Photos courtesy of the DRVC Catholic Ministries Appeal. Gregory A. Shemitz, photographer.


By Tina Dennelly

While some outreach centers and soup kitchens on Long Island have been forced to close or reduce services during the coronavirus pandemic, many parish social ministry programs, such as the one at the Church of St. Patrick in Bay Shore, are open and ready to serve clients.

“Many clients … mentioned how grateful they are that we are still open providing food,” said Kerri Ostrow, director of St. Patrick’s Office of Parish Social Ministry. “Most had told me or a volunteer that if we weren’t open, they would most likely be starving, as there isn’t much open in the area right now where you could get a meal.”

Ostrow said the advocacy office has had approximately 10 to 15 new clients since the pandemic started last month — it typically averages five new clients each month. Before the pandemic, the office would be open and allow individuals to enter its buildings to get what they needed Monday through Friday from 10 a.m. to 12:30 p.m.

Now, however, taking into consideration the diocesan and CDC guidelines for social distancing, the center is open for abbreviated pantry hours Monday through Friday, 10:30 a.m. to noon. “Grab and go” lunches have replaced the usual full soup kitchen.

A barrier is set up in front of the soup kitchen doors with a table next to it. Clients can access the lunches and any other items available that day (pantry food, bread, cakes, etc.) on the table with a reminder to keep the required six-foot distance between volunteers and other clients waiting for lunch. In a given day, the center provides approximately 65 lunches and serves about 10 families in need of pantry food, Ostrow said. She expects the number to continue to increase.

“The current protocol in place with the social distancing and how we are providing the services has been going well with the clients as they, too, are trying to maintain a distance and trying to stay safe as well,” Ostrow said.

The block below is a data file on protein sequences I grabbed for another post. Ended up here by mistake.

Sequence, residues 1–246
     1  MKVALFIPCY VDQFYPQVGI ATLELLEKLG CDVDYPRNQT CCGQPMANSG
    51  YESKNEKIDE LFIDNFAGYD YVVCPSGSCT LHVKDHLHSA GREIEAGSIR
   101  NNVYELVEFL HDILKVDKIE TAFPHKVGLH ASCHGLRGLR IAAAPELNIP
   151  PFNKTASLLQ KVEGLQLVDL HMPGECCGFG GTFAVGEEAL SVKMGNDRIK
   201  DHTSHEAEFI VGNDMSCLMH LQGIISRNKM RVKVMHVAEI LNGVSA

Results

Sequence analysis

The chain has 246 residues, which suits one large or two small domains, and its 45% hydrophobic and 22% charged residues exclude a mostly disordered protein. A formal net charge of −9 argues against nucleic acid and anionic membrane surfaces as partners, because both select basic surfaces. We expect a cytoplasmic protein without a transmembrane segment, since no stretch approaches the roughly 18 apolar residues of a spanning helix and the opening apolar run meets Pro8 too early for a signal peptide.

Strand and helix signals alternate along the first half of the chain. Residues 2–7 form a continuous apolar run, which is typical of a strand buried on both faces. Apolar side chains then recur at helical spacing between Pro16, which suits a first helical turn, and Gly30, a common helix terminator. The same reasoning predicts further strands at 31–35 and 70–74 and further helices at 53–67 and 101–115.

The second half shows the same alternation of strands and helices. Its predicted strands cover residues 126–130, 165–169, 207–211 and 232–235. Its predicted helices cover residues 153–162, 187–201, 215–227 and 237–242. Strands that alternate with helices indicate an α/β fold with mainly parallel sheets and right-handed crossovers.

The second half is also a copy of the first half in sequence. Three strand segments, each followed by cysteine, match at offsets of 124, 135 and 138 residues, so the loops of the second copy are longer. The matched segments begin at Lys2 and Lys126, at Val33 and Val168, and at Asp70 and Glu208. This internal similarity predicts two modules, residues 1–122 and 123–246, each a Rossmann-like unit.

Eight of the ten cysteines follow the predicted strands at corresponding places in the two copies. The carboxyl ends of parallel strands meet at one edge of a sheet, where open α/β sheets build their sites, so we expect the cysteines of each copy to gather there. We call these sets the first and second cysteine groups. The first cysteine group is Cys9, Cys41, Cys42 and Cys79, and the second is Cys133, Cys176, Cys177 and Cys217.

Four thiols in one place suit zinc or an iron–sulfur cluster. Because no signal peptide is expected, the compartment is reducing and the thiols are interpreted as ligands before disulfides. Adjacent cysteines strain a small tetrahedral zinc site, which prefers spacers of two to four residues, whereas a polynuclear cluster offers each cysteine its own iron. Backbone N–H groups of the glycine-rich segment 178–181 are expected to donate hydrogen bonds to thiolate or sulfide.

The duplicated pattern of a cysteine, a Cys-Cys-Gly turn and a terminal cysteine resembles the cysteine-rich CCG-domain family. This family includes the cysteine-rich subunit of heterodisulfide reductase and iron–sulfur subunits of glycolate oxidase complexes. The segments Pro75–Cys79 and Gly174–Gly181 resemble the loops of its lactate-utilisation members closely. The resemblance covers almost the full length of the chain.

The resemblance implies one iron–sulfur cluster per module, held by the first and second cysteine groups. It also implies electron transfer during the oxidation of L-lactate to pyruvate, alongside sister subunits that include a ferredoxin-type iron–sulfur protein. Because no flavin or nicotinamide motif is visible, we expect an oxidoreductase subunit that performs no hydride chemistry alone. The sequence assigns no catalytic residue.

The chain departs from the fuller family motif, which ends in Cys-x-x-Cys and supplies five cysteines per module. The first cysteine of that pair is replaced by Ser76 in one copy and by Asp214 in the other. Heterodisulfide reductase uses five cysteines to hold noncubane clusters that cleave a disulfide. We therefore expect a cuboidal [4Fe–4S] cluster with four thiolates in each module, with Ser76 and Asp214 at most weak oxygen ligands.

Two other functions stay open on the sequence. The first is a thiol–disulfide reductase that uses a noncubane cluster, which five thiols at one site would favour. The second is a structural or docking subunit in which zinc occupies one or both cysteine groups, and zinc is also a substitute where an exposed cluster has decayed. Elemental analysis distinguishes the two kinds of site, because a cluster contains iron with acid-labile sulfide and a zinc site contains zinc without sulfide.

As news of the coronavirus spread in early March, the center developed a plan as an essential service to remain operational, which was implemented as the New York State on PAUSE order took effect. Volunteers were told that if they were comfortable coming in, they could; those who did not feel safe due to health reasons or concerns of infecting loved ones could stay away until things return to normal.

“As of now, we are working with half the volunteer power we usually have, which has helped us also in assuring we have been maintaining CDC guidelines of social distancing,” Ostrow said.

“I have also had parishioners and friends call stating if we needed extra help, just to give them a call, which is great,” Ostrow continued. “We truly have such wonderful support from our parish, our pastor, priests, deacons, etc. It has been a blessing to have such great support from our whole community.”

Father Seán Gann, pastor, said the outreach center’s work during this time is “awe-inspiring.”

“It’s really a wonderful thing when so much else is unavailable to the vulnerable in our community, they know that this spot is still available for them,” he said. “They know that people are keeping an eye out for them.”

Father Gann noted that the center has even received donations from outside the parish community, such as the Kings Park Fire Department, which drove down a couple of weeks ago with a truckload of items for the food pantry.

“It’s been a ray of sunshine in an otherwise almost gloomy atmosphere,” Father Gann said of the center’s work. “It reminds you that there’s light even in the midst of darkness, which is really what the Easter season is all about.”

When she heard the parish social ministry office at St. Patrick’s was still open, parishioner and local restaurant owner Eileen Connors texted a group of friends and asked if they would be interested in helping stock the food pantry. Connors, who co-owns the LakeHouse Restaurant in Bay Shore with her husband, Matthew, used the restaurant’s van to drive around the neighborhood collecting items. As her friends texted other friends, the effort snowballed.

In addition to Bay Shore, Connors now spends at least two and a half hours every Wednesday also driving to the surrounding areas of Islip, East Islip and Babylon to pick up donations, which people leave in their driveways. Others drop off items in Connors’ driveway or leave them on the steps of the LakeHouse Restaurant.

“What else can I do? I can’t work,” said Connors, who was forced to close the restaurant in March but hopes to reopen for takeout orders soon. “We miss serving people. … We’re making the best of a bad situation. I’m really just the middleman for this generosity. It’s way beyond me. It really is an outreach.”

“When God gives you this opportunity, you take it,” she continued. “A lot of people understand that they’re not alone, that there are a lot of people who are really in need.”